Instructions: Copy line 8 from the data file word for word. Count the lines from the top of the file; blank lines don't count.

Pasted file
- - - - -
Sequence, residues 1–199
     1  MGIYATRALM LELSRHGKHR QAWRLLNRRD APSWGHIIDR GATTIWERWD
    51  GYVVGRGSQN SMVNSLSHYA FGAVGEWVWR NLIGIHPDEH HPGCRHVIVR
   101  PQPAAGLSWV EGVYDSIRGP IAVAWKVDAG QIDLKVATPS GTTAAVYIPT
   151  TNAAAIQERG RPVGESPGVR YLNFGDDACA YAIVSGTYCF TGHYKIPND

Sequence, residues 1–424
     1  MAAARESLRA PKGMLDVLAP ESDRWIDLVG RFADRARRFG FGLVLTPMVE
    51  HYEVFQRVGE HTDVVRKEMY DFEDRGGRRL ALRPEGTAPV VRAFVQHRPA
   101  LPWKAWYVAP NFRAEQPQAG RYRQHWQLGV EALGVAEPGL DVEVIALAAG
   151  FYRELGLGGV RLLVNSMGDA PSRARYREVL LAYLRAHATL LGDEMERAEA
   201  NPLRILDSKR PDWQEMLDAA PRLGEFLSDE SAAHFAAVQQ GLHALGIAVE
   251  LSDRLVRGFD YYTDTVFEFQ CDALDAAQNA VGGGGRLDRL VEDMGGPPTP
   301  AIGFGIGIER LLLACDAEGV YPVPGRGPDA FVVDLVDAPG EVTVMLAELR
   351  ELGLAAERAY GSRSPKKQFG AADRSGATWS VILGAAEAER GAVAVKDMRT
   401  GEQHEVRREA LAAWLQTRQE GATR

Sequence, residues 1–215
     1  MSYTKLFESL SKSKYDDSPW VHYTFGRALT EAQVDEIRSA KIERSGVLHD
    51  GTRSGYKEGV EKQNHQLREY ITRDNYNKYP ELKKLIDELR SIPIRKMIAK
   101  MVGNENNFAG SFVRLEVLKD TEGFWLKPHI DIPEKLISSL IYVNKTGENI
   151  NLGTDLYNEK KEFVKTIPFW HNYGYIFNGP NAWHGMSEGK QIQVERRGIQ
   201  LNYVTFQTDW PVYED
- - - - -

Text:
    51  HYEVFQRVGE HTDVVRKEMY DFEDRGGRRL ALRPEGTAPV VRAFVQHRPA